Nuisance calls & spam texts
If you’re receiving unwanted calls or texts, whether they’re nuisance calls or spam, here’s some tips on what you can do next.
Spam calls and texts
Spam texts are unsolicited, non-chargeable messages used as advertising by some companies. They usually include a premium rate number to call or a short code to text. If you receive one of these texts, please don’t respond unless you’re sure it’s genuine.
If you think the text is spam:
- Text CALL to 7726 for free and we’ll ask you for the number. We’ll report it to the Information Commissioner’s office (ICO) who’ll take action if they can
- You can also tell the premium rate number regulator PhonepayPlus about messages containing premium rate numbers and they’ll investigate
Unwanted marketing calls
The best way to stop unwanted marketing calls is to register with the Telephone Preference Service (TPS) for free. This is the only official register, and once you’re on it, you should stop getting marketing calls within 28 days, unless you’ve asked a company to call or text you.
Unwanted marketing texts
Registering with the TPS won’t stop you from receiving marketing texts. To stop these texts, you can try and send an ‘opt out’ message to the company that’s texting you.
To check or change your marketing preferences or to stop receiving marketing messages from Tesco Mobile, please go to our Preference Centre. Alternatively, call 282 free from your Tesco Mobile phone. Just so you know, by opting out you may not get to hear about our special offers in the future.
Dealing with nuisance calls and texts
To help you deal with nuisance calls, here are a few practical tips:
- Don’t say your name or number when you answer. Just say ‘hello’ and let the caller identify themselves first
- Don’t leave your name or contact number on your voicemail
- If someone asks you to confirm your number, ask them to say what number they want and then tell them whether they’re right or wrong
- If you keep getting nuisance calls, try putting your mobile down calmly and ignore it for a few minutes. Then end the call or switch your mobile off. This often puts off nuisance callers, especially when they realise they’re wasting time and money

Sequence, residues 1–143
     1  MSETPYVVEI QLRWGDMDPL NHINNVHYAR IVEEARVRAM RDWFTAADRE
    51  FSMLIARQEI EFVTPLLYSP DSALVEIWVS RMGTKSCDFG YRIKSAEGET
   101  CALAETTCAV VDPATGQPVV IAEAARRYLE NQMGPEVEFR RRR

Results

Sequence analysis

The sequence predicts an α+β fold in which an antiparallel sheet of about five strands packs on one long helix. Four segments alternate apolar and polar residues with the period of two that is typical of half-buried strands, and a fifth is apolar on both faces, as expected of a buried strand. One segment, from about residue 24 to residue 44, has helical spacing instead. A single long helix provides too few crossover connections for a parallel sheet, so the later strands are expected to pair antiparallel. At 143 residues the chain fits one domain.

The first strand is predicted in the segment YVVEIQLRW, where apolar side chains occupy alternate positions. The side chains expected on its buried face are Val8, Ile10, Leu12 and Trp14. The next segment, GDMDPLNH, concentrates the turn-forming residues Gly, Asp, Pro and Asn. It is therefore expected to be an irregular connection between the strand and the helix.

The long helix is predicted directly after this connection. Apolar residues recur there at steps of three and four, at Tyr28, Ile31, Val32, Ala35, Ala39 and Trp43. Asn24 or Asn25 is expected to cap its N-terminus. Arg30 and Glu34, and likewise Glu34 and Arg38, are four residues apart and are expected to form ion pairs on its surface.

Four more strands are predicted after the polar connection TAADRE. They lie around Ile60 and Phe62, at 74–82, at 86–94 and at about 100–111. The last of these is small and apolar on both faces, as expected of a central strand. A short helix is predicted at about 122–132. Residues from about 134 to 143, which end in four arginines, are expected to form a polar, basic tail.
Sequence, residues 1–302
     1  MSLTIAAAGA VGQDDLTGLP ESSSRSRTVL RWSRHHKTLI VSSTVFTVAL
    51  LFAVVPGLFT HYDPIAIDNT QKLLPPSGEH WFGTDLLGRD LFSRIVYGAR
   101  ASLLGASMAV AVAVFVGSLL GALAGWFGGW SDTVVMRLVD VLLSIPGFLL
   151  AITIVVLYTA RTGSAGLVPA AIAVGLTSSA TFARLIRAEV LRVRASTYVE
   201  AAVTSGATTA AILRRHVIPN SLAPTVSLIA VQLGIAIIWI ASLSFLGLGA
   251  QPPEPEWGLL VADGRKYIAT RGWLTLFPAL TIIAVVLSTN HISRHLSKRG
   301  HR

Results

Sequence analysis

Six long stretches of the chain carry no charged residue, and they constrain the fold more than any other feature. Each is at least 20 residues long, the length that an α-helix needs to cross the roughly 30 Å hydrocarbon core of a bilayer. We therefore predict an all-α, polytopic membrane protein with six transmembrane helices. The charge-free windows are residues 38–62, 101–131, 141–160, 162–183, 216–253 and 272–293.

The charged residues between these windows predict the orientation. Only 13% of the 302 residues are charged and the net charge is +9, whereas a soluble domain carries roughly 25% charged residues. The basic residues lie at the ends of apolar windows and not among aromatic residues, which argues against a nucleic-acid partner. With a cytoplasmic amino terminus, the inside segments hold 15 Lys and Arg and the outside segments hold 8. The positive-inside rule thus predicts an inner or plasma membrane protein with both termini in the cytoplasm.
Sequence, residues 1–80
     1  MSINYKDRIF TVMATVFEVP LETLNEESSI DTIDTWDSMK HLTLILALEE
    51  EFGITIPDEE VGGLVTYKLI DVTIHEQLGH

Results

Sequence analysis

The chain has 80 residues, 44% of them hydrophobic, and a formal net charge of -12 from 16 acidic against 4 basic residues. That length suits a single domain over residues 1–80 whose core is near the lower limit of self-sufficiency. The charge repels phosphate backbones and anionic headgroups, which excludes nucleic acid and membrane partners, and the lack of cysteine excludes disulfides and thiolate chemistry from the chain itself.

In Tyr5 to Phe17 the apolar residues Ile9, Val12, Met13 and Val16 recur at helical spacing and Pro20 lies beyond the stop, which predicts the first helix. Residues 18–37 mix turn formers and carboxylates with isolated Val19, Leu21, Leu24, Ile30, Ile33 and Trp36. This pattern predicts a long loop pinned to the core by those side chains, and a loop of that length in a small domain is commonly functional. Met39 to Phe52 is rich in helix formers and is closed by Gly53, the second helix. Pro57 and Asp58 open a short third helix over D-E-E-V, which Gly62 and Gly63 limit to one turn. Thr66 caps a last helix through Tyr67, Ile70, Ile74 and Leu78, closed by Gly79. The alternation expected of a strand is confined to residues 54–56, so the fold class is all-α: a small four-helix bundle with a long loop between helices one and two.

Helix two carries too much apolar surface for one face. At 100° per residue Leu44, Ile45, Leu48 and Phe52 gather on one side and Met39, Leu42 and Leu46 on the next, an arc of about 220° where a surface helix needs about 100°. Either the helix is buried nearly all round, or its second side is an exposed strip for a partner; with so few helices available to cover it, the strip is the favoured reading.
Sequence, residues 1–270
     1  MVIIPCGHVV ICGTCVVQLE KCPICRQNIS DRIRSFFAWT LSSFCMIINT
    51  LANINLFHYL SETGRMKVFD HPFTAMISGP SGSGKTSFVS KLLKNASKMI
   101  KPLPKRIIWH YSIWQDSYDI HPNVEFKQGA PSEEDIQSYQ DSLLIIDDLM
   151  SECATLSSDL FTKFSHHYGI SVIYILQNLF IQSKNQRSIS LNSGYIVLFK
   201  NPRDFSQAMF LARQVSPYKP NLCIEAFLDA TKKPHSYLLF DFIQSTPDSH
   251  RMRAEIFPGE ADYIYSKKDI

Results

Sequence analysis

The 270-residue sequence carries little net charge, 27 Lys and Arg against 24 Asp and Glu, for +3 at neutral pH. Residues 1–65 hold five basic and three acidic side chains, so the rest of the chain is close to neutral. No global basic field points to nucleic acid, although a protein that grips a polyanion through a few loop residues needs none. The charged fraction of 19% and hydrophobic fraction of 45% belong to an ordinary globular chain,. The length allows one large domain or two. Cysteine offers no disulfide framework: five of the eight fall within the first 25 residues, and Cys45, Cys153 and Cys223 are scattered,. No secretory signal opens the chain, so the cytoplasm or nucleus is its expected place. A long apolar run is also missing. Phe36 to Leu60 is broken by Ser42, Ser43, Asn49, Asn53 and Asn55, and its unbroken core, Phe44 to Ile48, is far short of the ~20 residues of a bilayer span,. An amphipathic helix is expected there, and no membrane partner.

The communications regulator Ofcom has more helpful advice on tackling nuisance calls.
Which? also has information on identifying the type of call and where to complain.
Scam calls or texts
If you think the calls or texts are a scam, please get in touch with Action Fraud, the UK’s national fraud and internet crime reporting centre.
Be aware of copycat services, particularly those that charge. A copycat service offers a similar or identical service to official bodies, but usually charges to process official documents such as passports or visas or make online applications that you could do yourself for free or much cheaper.
Threatening or abusive calls or texts
Malicious, abusive or threatening calls, whether from people you know or strangers, are a criminal offence. If the caller is making direct threats to you or your family and you believe those threats to be real and immediate, call 999 straightaway.
If you believe the threats are not immediate, then you should call your local police station on 101 from any landline or mobile.
When you talk to the police, you’ll need to give them all the information you have, including:
- The numbers that have contacted you
- What was said or sent
- Dates and times of calls and texts
- If you know the people doing this
The police can then decide what course of action to take against the offender(s).
If the phone numbers are being withheld, the police may advise you to contact us and we’ll arrange to trace the calls. We’ll then send this information to the police (and only the police) to help your case. You’ll need to give us:
- Your name and number
- A description of the calls or texts
- Dates and times you received them